Is god a Targaryen?

Who does god confess to…

Genesis 6:5-7

When the lord saw how great was man’s wicked-ness on earth, and how no desire that his heart conceived was ever anything but evil, he regretted that he had made man on the earth, and his heart was grieved.  So the lord said: “I will wipe out from the earth the men whom I have created, and not only the men, but also the beasts and the creeping things and the birds of the air, for I am sorry that I made them.”

Exactly what we’d expect from the source of all goodness…?  I have two points to make about this episode. First, if he was looking to punish humans by killing every last one of them, why did he go ahead and kill all the animals and bugs too?  It’s like committing a foul in a soccer game and having the ref give you a red card, then your whole team, then the other team, then everybody in the crowd watching, and finishing it off by punting the ball over the highway.  Put more simply, it is the punishment of innocent bystanders. God is ending countless animal lives. God has taken away their potential to have future experiences of pleasure and contentedness. Further, he has chosen to make the last moments of these innocent animals ones of terror and pain, as they drown.  These choices lack compassion, and they reveal god to be indifferent towards, and out of touch with, mortal suffering.  

Second, I am disappointed in gods lack of imagination at solving this “problem” he’s created.  It takes less energy to see the world in black and white; to judge people and their actions as either good or evil, or to decide our labors culminated in either success or failure.  I would ask more of us, and I’d expect more from god. God is (supposedly) omnipotent, omniscient, and omni-benevolent. This means he knows all that is wrong, he has all the power to fix it, and he is guided by forces of righteousness.  I am none of those things, and it still took me only moments to consider better solutions that don’t involve mass-murder. Let’s ponder some. Why didn’t he show himself to these early peoples and awe them with explanations of what they are doing wrong?  Why didn’t he give them more opportunities to learn lessons of morality and grow wiser? Why didn’t he simply fill their hearts with love and give them minds that took pleasure in the service of others?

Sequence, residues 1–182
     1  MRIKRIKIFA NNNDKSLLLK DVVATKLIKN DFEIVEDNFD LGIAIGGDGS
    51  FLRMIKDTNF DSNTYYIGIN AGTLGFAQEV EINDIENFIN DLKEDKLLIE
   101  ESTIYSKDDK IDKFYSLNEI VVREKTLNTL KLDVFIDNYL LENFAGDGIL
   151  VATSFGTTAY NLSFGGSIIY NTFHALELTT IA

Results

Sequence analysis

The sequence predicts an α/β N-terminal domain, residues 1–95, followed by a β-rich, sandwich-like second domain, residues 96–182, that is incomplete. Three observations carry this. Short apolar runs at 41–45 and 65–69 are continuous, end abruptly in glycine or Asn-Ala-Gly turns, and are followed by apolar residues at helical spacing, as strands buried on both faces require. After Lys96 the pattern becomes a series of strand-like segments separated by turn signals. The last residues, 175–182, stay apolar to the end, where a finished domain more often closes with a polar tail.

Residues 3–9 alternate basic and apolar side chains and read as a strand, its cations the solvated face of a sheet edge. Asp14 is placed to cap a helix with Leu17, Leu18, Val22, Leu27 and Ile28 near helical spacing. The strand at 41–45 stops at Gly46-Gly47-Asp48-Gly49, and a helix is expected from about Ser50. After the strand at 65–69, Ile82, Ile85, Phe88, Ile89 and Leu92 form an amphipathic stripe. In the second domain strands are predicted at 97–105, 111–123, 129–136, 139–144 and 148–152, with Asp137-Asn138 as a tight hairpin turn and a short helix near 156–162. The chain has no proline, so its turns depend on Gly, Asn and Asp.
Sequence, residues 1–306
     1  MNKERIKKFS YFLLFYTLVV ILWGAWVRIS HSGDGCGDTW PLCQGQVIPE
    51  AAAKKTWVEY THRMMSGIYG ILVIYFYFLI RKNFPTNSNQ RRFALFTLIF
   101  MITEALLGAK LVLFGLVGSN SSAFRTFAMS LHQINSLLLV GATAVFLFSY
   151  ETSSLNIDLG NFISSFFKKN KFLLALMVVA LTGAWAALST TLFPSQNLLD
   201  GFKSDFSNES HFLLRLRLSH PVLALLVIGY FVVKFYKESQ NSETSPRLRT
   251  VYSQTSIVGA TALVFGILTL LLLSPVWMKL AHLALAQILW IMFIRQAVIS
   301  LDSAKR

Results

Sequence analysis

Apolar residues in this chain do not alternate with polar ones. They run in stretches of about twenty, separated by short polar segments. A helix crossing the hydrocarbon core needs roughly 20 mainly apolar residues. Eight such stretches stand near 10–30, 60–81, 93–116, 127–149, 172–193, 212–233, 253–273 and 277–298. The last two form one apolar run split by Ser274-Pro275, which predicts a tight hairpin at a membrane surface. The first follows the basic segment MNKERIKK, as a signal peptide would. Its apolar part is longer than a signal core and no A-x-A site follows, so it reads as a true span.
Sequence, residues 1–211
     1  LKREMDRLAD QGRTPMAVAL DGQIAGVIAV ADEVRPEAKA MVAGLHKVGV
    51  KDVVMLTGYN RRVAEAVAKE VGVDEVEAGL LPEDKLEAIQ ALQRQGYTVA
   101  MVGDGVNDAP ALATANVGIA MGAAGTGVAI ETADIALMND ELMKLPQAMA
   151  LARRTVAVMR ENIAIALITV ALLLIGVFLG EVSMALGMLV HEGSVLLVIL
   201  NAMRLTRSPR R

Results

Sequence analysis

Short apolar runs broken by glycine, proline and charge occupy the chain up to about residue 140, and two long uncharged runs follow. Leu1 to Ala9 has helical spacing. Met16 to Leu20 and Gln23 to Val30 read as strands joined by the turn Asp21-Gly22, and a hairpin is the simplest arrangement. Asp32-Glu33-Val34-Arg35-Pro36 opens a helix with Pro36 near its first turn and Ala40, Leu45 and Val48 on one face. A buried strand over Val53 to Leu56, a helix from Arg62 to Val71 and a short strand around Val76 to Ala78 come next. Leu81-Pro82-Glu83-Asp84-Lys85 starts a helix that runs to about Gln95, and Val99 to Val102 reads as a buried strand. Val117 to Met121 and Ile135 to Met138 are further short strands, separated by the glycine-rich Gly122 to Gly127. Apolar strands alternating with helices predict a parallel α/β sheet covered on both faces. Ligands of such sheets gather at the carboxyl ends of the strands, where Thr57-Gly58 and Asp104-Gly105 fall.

I will use this logic often to demonstrate how evil god is.  You should ask yourself, and others, when contemplating gods actions: if you were he, and you had to solve this particular problem, how much better would you have done?  How quickly did you find a way to cause less agony…than god did?


When considering what pronoun to use as I talk about god, I first considered “it.”  I decided against this because it disassociates his corruption from humankind. God may not really exist, but his example has allowed innumerable evildoers to justify their actions.  When I say “he” in reference to god throughout these commentaries, I’m not just referring to the hypothetical being. I want to invoke all of the men throughout history who have done evil in the name of god.  And that brings me to why I chose “he” instead of “she.” I originally thought of using “she” because I appreciate the idea of not thoughtlessly defaulting to male placeholders when speaking abstractly. But then I realized how unfair that was to women, who don’t share nearly as much blame for religiously inspired atrocities.  If I’m going to call out the guilty as I rail against god, then he must be a he.

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